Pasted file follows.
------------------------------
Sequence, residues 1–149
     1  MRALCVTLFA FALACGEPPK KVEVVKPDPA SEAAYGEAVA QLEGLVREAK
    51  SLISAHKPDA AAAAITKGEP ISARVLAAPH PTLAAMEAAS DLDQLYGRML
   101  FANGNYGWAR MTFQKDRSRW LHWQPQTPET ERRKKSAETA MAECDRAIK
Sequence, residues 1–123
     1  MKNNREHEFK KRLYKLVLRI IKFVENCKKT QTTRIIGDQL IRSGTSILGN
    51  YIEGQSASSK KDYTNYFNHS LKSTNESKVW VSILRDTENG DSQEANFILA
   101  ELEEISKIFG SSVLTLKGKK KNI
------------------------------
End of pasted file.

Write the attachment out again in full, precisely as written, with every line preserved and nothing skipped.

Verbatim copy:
Sequence, residues 1–149
     1  MRALCVTLFA FALACGEPPK KVEVVKPDPA SEAAYGEAVA QLEGLVREAK
    51  SLISAHKPDA AAAAITKGEP ISARVLAAPH PTLAAMEAAS DLDQLYGRML
   101  FANGNYGWAR MTFQKDRSRW LHWQPQTPET ERRKKSAETA MAECDRAIK
Sequence, residues 1–123
     1  MKNNREHEFK KRLYKLVLRI IKFVENCKKT QTTRIIGDQL IRSGTSILGN
    51  YIEGQSASSK KDYTNYFNHS LKSTNESKVW VSILRDTENG DSQEANFILA
   101  ELEEISKIFG SSVLTLKGKK KNI